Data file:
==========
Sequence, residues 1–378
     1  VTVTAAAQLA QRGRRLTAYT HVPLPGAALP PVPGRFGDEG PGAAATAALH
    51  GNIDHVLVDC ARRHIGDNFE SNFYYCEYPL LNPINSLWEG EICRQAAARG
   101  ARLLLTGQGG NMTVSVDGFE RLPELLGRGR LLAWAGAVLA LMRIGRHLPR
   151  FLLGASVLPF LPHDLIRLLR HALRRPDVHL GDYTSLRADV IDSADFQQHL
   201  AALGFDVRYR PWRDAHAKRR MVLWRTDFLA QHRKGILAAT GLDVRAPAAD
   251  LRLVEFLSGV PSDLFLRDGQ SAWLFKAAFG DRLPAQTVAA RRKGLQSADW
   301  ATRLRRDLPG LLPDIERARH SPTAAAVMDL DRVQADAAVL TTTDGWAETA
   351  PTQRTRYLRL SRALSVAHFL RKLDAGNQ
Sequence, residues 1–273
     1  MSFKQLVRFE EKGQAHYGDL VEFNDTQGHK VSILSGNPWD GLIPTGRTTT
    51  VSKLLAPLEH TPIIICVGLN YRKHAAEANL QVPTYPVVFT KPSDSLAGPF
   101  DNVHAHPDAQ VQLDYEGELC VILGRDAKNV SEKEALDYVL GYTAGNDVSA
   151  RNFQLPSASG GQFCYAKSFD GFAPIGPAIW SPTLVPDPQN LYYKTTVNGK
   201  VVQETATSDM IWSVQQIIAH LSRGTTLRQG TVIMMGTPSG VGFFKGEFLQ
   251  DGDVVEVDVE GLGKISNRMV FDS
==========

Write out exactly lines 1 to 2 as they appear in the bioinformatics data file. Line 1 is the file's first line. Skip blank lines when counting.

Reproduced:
Sequence, residues 1–378
     1  VTVTAAAQLA QRGRRLTAYT HVPLPGAALP PVPGRFGDEG PGAAATAALH